Ahoy from the crew of the BlueJacket at Lake Titicaca, Peru!
First off I promise that this log will be shorter than yesterday's log was and I think that there should only been another 3-4 logs in my Peru series. I write these logs for both you and me. I hope that I can share these unique experiences with you and I write them for myself so that years down the road I can remember what we actually did.
After a very long day of driving from the Colca Canyon area, we finally arrived at Puno , which is on the shores of Lake Titicaca. Puno has about 100,000 residents and is very much a working class town and not a place that I wanted to take time to explore. The primary reason to visit here is to explore the floating islands of Uros and the island of Taquile.
Lake Titicaca is the largest lake in South America and is worlds highest navigable lake at 12,507' (3,812 m). This is not to say that there aren't higher lakes, but the others are smaller and shallower. Lake Titicaca has a max depth of 922' (281 m) and an average depth of 351' (107 m). That's deep! I don't know what the exact definition of "navigable" is, but it applies to larger, deep draft vessels. Lake Titicaca is large, with a surface area of 3,232 sq mi (8,372 sq km). It's 118x50 miles (190x80 km) and is bordered by Peru and Bolivia. There will be a test on this later... :-)
After checking in to the Casa Andina Private Collection, we headed to the shoreline to observe the wide variety of birds that were feeding in the marsh. It was great and right outside of our room. Altitude really suppresses your appetite, so after a light dinner we headed to bed, but during the night Sue came down with a severe case of food poisoning which we guessed had something to do with the boxed lunch from the previous day that sat in the warm car for hours before getting consumed. When morning finally rolled around, Sue was in no shape to do anything, so I set out to explore the area on my own.
While I was expecting a private guide, I wasn't expecting a private boat, but that's what I got. Something big enough for 30 people, but today it just had the driver, my guide and me. That was weird! Anyhow, we departed from the hotel and headed out to the floating islands of Uros. The Uros people are a pre-Incan tribe who live on 42 man-made floating islands located near Puno. The islands consist of a very thick floating blocks of peat moss and are anchored to the bottom. Totora reeds are placed on top of the peat moss to form a surface to walk on. Walking on the reeds crushes them, so they need to be replaced on a regular basis. Huts made of reeds are built on top of the horizontal reeds, as shown on the right.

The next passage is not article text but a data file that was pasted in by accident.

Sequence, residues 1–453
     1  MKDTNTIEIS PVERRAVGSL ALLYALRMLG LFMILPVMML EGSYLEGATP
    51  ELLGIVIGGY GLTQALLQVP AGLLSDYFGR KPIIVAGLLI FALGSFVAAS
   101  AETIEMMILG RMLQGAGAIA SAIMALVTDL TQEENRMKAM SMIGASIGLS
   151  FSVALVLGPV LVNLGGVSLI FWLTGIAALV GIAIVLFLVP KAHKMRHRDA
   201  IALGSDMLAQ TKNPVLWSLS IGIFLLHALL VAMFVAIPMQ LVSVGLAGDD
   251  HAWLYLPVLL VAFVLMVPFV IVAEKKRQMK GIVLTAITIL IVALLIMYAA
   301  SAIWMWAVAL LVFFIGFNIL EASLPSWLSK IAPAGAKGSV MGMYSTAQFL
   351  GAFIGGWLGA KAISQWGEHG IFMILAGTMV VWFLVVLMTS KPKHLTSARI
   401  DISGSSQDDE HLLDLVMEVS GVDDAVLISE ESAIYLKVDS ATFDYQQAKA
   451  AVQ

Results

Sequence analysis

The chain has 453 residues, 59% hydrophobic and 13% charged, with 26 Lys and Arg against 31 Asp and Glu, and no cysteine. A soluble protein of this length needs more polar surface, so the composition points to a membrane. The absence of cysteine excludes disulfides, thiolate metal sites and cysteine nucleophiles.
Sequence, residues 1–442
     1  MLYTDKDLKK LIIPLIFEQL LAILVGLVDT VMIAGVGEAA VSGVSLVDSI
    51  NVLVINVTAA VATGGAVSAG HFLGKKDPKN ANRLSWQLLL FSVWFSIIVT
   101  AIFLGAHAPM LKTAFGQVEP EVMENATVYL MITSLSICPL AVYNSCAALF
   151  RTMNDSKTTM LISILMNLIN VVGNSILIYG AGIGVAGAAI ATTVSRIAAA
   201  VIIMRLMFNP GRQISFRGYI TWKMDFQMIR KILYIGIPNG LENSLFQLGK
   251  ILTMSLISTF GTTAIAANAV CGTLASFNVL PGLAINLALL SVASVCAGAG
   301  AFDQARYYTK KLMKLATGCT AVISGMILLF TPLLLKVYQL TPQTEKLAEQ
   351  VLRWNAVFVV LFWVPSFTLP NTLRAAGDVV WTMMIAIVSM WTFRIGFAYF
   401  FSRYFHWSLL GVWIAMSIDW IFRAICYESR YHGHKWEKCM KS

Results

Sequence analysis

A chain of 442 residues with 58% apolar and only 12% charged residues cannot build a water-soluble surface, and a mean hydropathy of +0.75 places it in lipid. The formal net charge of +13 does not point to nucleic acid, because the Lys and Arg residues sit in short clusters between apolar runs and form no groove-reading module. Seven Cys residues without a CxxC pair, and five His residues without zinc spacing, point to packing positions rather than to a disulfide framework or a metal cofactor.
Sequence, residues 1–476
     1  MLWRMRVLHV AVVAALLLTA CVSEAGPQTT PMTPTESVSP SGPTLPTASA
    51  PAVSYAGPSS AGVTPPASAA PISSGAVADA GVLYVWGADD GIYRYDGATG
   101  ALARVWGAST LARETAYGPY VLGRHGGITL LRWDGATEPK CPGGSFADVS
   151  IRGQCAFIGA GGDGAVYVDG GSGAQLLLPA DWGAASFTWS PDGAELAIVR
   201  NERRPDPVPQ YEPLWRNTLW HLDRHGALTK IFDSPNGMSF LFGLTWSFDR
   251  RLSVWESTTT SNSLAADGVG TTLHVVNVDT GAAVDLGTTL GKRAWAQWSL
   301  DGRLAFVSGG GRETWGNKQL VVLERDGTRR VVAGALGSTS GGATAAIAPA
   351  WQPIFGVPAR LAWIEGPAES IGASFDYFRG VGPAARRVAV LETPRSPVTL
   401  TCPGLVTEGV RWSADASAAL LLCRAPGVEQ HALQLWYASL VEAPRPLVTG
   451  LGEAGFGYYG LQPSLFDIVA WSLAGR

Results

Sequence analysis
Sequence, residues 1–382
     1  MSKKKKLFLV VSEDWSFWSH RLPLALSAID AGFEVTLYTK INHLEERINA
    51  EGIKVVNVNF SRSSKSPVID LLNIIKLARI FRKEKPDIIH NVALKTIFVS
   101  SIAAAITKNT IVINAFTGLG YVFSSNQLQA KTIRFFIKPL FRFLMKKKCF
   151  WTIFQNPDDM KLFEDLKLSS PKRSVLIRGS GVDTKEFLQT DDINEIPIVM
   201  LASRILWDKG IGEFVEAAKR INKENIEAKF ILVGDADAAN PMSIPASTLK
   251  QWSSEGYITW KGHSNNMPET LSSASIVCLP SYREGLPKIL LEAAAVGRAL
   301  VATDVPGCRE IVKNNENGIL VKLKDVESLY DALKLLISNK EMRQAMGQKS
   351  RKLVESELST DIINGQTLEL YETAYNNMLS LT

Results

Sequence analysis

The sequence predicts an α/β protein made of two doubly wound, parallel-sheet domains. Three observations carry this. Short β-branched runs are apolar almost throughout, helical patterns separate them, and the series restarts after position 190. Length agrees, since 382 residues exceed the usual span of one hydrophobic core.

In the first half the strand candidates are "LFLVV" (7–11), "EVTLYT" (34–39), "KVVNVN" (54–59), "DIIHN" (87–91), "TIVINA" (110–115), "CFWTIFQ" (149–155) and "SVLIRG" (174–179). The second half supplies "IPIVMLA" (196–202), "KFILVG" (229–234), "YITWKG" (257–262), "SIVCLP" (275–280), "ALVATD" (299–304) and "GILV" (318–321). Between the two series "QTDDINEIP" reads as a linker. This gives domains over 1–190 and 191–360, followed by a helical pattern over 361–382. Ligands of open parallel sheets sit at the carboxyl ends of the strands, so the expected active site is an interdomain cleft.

Traditional transportation is accomplished using boats made out of reeds, but I definitely saw some power boats hiding in the reeds. I sure can't blame them, but I was very impressed as how well the reed boats handled when I got a ride in one of them.
Technology has also infiltrated their culture as you now see solar cells outside of some of the huts which are used to charge cell phones. I had to laugh when I was getting my reed boat ride and I glanced down at the two women who where rowing the boat and saw one talking on her cell phone. It certainly seems much more practical than the reed towers that they used to use for communication and as watch towers.
One of the nice things about having a boat to myself is that I arrived well before the other tourist boats and had the islands to myself. Before long more tourists began arriving and it was time to move on to the next destination, which as Taquile. As you can see from the map above, Taquile is located about 28 miles (45 km) from Puno and is inhabited by about 2,200 people. Their society is based on community collectivism and on the Inca moral code of "ama sua, ama llulla, ama qhilla" (Quechua for "do not steal, do not lie, do not be lazy"). Kind of hard to argue with that!
Boats land at the community dock and then you have to hike 450' (137 m) up to the town. When you're already at 12,500', that's a hike and I saw quite a few tourists that I didn't think were going to make it. On the opposite spectrum, the locals were loping up the hill loaded down with huge baskets which are used to transport everything that comes to the island.
Almost everyone on the island wears the same "uniform" and one of the interesting things is that unmarried men wear red and white hats and married men just wear red hats. Similarly unmarried women have have large colored pom-poms on the black shalls and married women have small pom-poms.
Taquile is world renown for the quality of their textiles. The women weave and the men knit. That's a very interesting division of labor! The man in the image on the right said that he had been knitting since he was 7. Other than that they fish and farm.
After a traditional lunch of trout and rice and coca tea we hiked to the other side of the island where the boat was now waiting for us. The ride back to Puno took a couple of hours and I was feeling very tired. When I got back to the hotel I found Sue up and about, but feeling far from well. Within an hour I came down with the same illness that had sidelined Sue and I slept non-stop (other than trips to the bathroom) for 15 hours. Luckily the next day we were scheduled to be on a day-long train ride to Cusco, which allowed both of us to recover.
You can find photos of my trip to Lake Titicaca here.
-- Geoff & Sue
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